Why is it said that the third voyage of Sir John Franklin was fateful?

               The British ‘North-West Passage Expedition’ of 1845 was proposed by the Admiralty in February. The two ships allocated to the expedition, the HMS Erebus and the HMS Terror, left England on 19th May 1845. The expedition wintered at Beechey Island, and then they sailed southwards along the western side of Cornwallis Island.

               Later, they continued to the Victoria Strait, where three young sailors died. Initially it was thought that the sailors died of extreme weather conditions, but later it was discovered that they died of lead poisoning from canned food. The young sailors were buried on the King William Island.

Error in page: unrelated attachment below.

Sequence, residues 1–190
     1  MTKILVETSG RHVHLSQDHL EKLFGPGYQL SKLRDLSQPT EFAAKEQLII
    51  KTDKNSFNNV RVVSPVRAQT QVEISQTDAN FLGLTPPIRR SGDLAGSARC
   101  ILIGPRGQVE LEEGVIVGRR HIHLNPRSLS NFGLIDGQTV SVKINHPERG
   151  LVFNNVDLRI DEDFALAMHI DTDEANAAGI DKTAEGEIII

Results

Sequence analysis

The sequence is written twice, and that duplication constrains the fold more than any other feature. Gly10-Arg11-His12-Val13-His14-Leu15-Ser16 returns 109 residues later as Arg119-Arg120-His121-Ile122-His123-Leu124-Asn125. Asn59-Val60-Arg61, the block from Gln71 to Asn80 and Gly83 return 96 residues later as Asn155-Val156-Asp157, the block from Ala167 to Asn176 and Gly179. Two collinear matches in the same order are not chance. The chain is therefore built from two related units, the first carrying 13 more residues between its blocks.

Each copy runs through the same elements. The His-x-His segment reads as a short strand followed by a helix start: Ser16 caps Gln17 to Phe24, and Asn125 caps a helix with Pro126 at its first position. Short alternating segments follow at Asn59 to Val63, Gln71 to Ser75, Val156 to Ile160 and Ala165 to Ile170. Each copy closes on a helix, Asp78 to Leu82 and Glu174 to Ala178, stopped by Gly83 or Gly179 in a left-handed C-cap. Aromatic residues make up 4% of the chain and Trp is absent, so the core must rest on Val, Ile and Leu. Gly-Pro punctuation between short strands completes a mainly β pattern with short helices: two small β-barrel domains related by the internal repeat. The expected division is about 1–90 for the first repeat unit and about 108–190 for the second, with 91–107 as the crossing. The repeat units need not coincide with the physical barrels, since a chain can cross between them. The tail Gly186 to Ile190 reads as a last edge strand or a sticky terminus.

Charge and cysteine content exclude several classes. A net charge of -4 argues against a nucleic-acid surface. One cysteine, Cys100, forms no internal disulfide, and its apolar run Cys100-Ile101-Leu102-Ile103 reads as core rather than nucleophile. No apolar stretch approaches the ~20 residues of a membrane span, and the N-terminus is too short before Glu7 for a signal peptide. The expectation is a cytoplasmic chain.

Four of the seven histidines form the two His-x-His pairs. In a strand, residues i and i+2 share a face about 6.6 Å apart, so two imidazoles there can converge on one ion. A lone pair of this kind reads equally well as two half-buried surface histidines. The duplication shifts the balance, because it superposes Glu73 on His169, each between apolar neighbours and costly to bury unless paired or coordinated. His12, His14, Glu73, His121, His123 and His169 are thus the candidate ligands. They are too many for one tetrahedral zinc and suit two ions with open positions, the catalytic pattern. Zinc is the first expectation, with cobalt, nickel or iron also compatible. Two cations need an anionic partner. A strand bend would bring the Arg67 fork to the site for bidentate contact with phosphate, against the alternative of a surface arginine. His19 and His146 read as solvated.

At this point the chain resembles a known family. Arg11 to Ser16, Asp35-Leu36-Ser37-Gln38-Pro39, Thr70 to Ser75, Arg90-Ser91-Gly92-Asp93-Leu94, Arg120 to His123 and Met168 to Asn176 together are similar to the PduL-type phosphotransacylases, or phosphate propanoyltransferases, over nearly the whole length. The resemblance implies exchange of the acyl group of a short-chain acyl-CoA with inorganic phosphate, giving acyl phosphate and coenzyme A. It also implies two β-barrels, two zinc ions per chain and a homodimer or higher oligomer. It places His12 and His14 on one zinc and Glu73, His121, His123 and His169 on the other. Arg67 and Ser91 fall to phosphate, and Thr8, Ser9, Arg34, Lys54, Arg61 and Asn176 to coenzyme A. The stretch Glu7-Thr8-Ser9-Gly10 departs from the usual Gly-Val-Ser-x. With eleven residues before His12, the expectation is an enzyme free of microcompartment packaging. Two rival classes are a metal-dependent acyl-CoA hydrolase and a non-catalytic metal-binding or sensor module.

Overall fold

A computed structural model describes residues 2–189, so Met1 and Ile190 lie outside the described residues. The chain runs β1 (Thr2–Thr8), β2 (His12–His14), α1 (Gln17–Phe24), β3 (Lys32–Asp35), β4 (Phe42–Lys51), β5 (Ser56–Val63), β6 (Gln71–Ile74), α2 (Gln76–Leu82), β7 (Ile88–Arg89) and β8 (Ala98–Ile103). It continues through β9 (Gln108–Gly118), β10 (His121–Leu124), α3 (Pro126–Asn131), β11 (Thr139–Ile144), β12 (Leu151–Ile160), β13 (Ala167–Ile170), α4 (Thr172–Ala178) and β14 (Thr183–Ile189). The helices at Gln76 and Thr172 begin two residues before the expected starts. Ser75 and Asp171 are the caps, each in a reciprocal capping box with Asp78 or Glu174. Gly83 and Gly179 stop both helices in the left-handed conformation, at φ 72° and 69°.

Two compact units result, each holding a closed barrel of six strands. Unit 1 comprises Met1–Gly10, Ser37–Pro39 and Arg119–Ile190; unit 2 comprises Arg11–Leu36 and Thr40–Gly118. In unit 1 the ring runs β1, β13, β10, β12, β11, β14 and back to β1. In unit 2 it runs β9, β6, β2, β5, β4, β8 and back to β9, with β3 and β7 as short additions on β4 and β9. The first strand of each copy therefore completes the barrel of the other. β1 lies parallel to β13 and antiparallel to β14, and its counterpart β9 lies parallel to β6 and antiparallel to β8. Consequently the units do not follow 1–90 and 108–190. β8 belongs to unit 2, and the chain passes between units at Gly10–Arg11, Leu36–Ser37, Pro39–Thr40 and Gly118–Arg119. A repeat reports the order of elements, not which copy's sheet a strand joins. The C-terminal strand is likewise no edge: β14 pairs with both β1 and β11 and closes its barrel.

The expedition gradually started meeting a terrible fate. The ice did not melt in the spring; they were trapped in the ice for 18 months. They ran out of food and supplies. John Franklin died in June 1847. The ice bound ships were abandoned and the entire crew perished from starvation, hypothermia, tuberculosis, lead poisoning and scurvy.

               The dreadful fate of Sir John Franklin and his crew prevented any further exploration to the north for many years.